The Pros and Cons of a Juice Cleanse

As we enter spring, more fresh fruit and vegetables will become available, which means the season of the juice cleanse is upon us. The idea is simple; drink your meals. What that actually means varies from diet to diet. Sometimes you can replace one meal a day with a juice concoction or you replace every meal for a week or more. The juice itself is squeezed from various vegetables or fruits, often without the pulp. The type of food used can be restrictive depending on the cleanse, as can the amount you can drink at a time. The main goal of a cleanse is to "detox" the body and lose weight.

Risks

Like most quick fixes, there is little evidence that going on a juice cleanse is beneficial in the long run. Weight lost during the cleanse is mostly due to a lower intake in calories and water weight. Once off the cleanse, your body will naturally start to store more fat and quickly replace the pounds lost. Thinking you can circumvent this with a longer juice cleanse? Think again. Long-term cleanses can have damaging effects on your liver due to a molecule called oxalate, which is found in most plants. When consumed in large amounts, it can permanently damage your liver. In a cruel case of irony, the organ that helps detox the body is the one that is hurt the most by it.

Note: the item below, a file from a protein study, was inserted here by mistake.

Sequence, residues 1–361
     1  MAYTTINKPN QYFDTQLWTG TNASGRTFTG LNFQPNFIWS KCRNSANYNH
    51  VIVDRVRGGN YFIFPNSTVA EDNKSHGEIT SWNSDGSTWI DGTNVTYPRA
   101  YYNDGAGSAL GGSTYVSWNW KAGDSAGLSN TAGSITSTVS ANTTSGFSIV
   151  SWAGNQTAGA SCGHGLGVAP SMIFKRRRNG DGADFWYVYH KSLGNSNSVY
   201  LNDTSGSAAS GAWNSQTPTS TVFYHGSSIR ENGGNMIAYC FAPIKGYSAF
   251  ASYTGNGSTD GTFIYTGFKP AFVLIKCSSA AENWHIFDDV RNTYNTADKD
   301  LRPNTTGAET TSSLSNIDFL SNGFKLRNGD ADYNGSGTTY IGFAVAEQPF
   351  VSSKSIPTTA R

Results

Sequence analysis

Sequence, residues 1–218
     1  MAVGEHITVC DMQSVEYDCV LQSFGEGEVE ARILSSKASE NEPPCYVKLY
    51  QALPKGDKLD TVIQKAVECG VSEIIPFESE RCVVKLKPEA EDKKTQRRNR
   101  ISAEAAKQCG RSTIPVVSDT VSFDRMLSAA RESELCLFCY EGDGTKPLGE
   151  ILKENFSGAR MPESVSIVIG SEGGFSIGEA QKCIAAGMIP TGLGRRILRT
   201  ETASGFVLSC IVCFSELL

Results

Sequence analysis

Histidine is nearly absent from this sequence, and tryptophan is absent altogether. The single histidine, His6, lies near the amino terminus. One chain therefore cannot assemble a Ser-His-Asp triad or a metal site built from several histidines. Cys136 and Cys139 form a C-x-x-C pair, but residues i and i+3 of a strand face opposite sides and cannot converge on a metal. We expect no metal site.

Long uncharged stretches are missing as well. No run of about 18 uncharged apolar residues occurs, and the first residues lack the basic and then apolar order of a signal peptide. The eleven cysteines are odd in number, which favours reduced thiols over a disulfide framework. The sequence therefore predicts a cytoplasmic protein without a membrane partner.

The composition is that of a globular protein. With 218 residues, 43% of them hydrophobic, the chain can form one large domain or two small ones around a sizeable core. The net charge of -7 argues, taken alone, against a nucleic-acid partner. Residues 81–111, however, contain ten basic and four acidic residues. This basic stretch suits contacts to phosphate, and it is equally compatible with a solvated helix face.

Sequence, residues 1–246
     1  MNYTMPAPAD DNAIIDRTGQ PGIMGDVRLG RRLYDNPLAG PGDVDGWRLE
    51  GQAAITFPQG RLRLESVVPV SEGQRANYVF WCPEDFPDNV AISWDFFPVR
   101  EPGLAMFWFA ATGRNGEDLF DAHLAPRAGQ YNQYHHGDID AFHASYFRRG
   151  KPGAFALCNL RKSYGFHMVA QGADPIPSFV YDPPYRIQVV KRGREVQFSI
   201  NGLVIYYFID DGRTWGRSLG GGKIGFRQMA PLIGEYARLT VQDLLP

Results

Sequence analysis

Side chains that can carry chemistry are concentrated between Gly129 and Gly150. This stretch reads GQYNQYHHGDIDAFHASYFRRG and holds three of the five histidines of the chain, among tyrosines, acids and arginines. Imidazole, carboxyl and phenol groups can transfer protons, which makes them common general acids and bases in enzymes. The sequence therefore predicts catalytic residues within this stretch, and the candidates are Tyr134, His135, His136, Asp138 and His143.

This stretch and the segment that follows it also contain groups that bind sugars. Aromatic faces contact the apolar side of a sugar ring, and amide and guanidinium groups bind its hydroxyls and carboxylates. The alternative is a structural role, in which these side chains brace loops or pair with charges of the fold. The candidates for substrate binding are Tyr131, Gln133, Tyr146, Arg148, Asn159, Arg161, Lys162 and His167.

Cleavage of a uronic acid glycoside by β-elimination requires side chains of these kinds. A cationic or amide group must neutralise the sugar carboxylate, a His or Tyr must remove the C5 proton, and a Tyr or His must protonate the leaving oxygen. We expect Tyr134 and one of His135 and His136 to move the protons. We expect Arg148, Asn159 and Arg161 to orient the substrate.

Perks

One of the most common anecdote upsides of a juice cleanse is people say they experience a spike in their energy levels. There hasn't been much scientific research devoted to this; it could also be that cutting back on unhealthy food is leading to more energy as your diet becomes more balanced. The main issue with juice cleanses is that they lack nutrients that you would find in other foods, such as fiber, which is vital to a healthy gut.

Results

The important thing to remember is juicing isn't sustainable. You need to add more vitamins and nutrients to your diet if you are feeling low on energy consistently or not feeling well in general. In the end, juice cleanses are not a healthy way to start a lifestyle change. There isn't enough scientific data to support juice cleanses are good for you and anecdotal accounts are unreliable and varying in their results. There are no quick fixes in life and this is no exception. A proper diet and healthy lifestyle is the only sustainable way to obtain more energy and feel better overall.

Always consult a doctor before starting any new exercise or diet routine and follow all safety protocols for appropriate social distancing.

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